The question above – May a working industrial equipment, though not-fully-in-order, be considered as non-conforming under the law? – has recently been dealt with by the Italian Courts (namely the First Instance Court and Court of Appeal in Turin, and also by the Court of Cassation). The case was concerning a large industrial press (not the one in the picture, of course…), manufactured and sold by the now discontinued Turin-based company Sandretto Industrie Ltd., to Tiberias Plast Ltd., an Israeli company. The sale was governed by CISG, failing any indication to the contrary in the contract, and being both Italy and Israel CISG contracting States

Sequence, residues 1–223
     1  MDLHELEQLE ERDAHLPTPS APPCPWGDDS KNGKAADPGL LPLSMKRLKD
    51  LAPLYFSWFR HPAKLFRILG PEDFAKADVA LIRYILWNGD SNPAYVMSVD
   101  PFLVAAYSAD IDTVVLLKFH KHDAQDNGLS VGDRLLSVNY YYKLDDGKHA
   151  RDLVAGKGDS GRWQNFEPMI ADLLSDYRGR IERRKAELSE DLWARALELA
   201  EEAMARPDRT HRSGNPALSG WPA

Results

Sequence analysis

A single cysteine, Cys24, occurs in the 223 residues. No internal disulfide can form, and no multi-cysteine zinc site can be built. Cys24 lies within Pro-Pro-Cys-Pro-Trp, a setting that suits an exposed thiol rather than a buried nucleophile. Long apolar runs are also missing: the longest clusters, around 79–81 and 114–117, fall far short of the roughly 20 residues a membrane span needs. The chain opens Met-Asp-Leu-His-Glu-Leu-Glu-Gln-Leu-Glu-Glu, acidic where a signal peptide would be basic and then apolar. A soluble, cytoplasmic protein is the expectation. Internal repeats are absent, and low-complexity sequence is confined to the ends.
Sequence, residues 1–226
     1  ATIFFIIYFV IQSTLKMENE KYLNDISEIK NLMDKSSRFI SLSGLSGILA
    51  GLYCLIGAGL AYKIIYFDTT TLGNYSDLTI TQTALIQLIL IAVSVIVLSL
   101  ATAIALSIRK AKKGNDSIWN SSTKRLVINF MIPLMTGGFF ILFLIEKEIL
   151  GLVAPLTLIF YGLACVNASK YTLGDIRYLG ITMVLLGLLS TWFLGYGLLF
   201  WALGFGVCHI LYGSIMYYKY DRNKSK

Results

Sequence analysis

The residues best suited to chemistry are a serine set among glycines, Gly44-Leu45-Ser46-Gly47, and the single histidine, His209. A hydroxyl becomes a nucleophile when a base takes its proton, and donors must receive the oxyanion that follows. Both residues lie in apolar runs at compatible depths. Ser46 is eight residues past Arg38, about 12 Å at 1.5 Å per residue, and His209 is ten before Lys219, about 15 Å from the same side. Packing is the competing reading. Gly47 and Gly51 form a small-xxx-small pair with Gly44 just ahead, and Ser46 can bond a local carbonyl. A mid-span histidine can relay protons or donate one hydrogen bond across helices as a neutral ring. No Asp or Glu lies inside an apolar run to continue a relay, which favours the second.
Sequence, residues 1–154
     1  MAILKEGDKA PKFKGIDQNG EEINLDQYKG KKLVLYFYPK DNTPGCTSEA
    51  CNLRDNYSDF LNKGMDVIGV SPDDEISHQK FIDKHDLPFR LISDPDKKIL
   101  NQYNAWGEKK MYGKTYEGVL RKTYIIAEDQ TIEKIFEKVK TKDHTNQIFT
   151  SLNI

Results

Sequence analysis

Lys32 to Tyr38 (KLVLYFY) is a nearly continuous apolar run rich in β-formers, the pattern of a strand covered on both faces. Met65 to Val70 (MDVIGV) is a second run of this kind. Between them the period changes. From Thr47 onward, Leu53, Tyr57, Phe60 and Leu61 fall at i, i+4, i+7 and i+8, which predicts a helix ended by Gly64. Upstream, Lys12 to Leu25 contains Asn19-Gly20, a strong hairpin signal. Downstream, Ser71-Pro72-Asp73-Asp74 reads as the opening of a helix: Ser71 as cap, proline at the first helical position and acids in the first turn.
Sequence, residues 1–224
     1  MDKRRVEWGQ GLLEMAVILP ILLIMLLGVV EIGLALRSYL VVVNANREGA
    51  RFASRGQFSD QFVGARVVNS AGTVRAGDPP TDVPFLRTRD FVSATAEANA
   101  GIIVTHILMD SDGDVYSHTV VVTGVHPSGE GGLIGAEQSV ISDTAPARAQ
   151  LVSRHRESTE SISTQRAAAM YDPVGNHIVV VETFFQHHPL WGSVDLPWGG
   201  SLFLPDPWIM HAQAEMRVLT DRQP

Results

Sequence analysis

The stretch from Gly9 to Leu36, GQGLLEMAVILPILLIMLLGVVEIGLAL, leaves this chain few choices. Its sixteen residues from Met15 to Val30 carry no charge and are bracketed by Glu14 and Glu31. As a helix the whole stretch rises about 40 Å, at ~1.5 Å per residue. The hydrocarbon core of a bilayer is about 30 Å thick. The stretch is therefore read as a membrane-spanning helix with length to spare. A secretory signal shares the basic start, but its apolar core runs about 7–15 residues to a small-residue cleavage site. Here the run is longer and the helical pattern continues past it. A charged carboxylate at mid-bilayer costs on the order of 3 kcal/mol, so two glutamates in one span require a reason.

As it often happens, technical problems surface with machinery of a certain complexity, even after successful testing. Although this may not preclude the equipment to get into operation, fine-tuning is required, and one may experience a slowdown in production, or blocking of certain functions. This was exactly what happened to the Sandretto press. In fact, the buyers were claiming that the equipment, although working, would not meet the agreed standards, both in terms of quality and output timing. Since the Israelis refused, for this reason, to settle the entire price, the issue ended up in court, with the buyer demanding a reduction of price on account of serious defects, and lack of promised qualities. The First Instance Court found a ‘substantial capacity’ of the equipment to carry out its function (indeed, “it appeared to have been working for many years in an intensive manner“), even though some components were undeniably defective/ missing. Consequently, the claim was rejected, and the Israelis were condemned to pay the balance of the supply (with just a slight discount – i.e. €16,000 of the €236,000 still due. Art. 50 CISG in fact provides that “If the goods do not conform with the contract and whether or not the price has already been paid, the buyer may reduce the price in the same proportion as the value that the goods actually delivered had at the time of the delivery bears to the value that conforming goods would have had at that time. However, if the seller remedies any failure to perform his obligations in accordance with article 37 or article 48 or if the buyer refuses to accept performance by the seller in accordance with those articles, the buyer may not reduce the price“. The rule indeed empowers the buyer himself to a (self-)reduction, but here it was the court that provided it.